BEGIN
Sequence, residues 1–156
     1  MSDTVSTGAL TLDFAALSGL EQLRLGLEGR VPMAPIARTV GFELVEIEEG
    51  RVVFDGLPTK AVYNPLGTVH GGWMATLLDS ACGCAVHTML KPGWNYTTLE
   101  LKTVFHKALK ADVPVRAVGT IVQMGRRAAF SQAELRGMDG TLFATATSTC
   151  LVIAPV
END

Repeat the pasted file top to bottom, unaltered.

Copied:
Sequence, residues 1–156
     1  MSDTVSTGAL TLDFAALSGL EQLRLGLEGR VPMAPIARTV GFELVEIEEG
    51  RVVFDGLPTK AVYNPLGTVH GGWMATLLDS ACGCAVHTML KPGWNYTTLE
   101  LKTVFHKALK ADVPVRAVGT IVQMGRRAAF SQAELRGMDG TLFATATSTC
   151  LVIAPV